If you are in emacs mode you can recall your cd command from the history, and use Control-u to kill the line into the bash "clipboard" called the kill-ring (there are other ways too). You can then yank this string into a new command at any time with Control-y. Obviously, in your example this depends on you having used an absolute directory name in your cd command.

You can also use the interesting default key-binding of Meta-.. This copies the last word from the previous command into your current line. If repeated, each time it goes back one command in the history. So if you do a cd /x, then cd /y followed by cdMeta-.Meta-. you will have /x in your input.

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Expanding on the answer from Anderson M. Gomes, Bash allows you to refer to any prior directory in your directory stack by typing ~N (or ~+N) where N is the position on the dir stack. For example:

# go some places
$ cd /path/to/source/directory
$ pushd /path/to/destination/directory
$ pushd $HOME
$ pushd /tmp

# show the current dir stack
$ dirs -v
0 /tmp
1 ~
2 /path/to/destination/directory
3 /path/to/source/directory

Now you can copy a file between two past directories, neither of them the current one, with:

cp -v ~3/file1.txt ~2

To solve the original poster's problem, you would do:

$ cd /path/to/source/directory
$ pushd /path/to/destination/directory

# show the current dir stack
$ dirs -v
0 /path/to/destination/directory
1 /path/to/source/directory

# copy
cp -v ~1/file[123].txt .

With a large set of files, you could list them in a manifest file and then do the copy from the source dir:

$ cd /path/to/destination/directory
$ pushd /path/to/source/directory

# copy
cp -v `files_to_copy.list` ~1

See also: this section of the Bash man page

Similarly, in Tcsh, you can use the =2 notation (rather than ~2) to refer to the second dir on your dir stack.

See also: this section of the Tcsh man page

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when you are in the first directory, lets say the source or src in short, execute


then cd in to second directory and execute:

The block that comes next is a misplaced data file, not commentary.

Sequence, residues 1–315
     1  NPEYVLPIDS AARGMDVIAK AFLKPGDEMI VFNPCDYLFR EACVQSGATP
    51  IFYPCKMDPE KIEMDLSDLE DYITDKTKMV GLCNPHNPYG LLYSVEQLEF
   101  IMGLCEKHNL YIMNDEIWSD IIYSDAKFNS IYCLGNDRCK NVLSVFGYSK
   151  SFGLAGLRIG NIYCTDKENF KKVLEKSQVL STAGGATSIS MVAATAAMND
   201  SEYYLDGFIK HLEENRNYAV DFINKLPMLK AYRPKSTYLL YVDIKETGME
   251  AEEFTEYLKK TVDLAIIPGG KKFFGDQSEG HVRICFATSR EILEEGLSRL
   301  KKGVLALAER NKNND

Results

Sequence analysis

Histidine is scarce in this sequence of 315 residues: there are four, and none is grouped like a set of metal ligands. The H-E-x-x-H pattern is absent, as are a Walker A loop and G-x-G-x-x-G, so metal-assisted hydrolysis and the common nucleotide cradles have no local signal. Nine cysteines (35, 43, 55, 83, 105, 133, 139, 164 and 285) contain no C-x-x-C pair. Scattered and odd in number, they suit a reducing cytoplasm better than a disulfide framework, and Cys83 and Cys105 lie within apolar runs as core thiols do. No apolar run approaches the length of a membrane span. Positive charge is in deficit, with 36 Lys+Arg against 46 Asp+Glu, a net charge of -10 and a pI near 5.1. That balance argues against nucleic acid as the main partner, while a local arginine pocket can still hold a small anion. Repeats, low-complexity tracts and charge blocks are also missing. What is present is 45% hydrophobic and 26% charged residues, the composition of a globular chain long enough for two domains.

cp -i ${src}/filename .

the -i option will ask if you want to overwrite, if there is a duplicate file

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Thanks. It is even better without specifying the filename. – Tim Mar 10 at 4:14

A variation on anderson-m-gomes response. Using Bash, I would just visit the directories:

$ cd /path/to/source/directory
$ cd /path/to/destination/directory

Then, I would use the variable $OLDPWD, which points to the previous directory:

$ cp -v $OLDPWD/file1.txt .

If one wants to visit directories in reverse order, then:

$ cp -v fileA.txt $OLDPWD/
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+1, but you forgot to "quote" your variable expansions. If $OLDPWD contains spaces, this breaks. Also, I always use cp -a. Also, it's unfortunate that tab-completion is broken on variable expansions. You can use ctrl-alt-e to shell-expand the current command line, though, after typing the $OLDPWD part. – Peter Cordes Mar 10 at 15:30
~- is a shortcut for $OLDPWD – Gilles Mar 10 at 19:51
I was just pointing out another variation, since Unix/Linux is full of them. Funny, that I've been using Linux for >20 years, and I'd never seen ~- before. Plus, $OLDPWD is easy to remember. – Scott Carlson Mar 14 at 17:54

You can use xclip:

       xclip - command line interface to X selections (clipboard)

       xclip [OPTION] [FILE]...

       Reads  from standard in, or from one or more files, and makes the data available as an X selection for pasting
       into X applications. Prints current X selection to standard out.


$ cd /path/to/dir1
$ xclip-copyfile file1 file2
$ cd /path/to/dir2
$ xclip-pastefile
file1 file2

Also visit xsel.

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That does a tar | gzip into / out of the X clipboard. Kinda clunky compared to cp, and doesn't generalize to making symlinks or hardlinks. (cp -as or cp -al) – Peter Cordes Mar 10 at 15:44

If in bash, I would use pushd and popd. These commands keep a handy FIFO stack of directories for later use. You can consult the stack anytime using dirs.

As such I would do:

pushd .
cd /somewhere/else
cp "`popd`/myfile"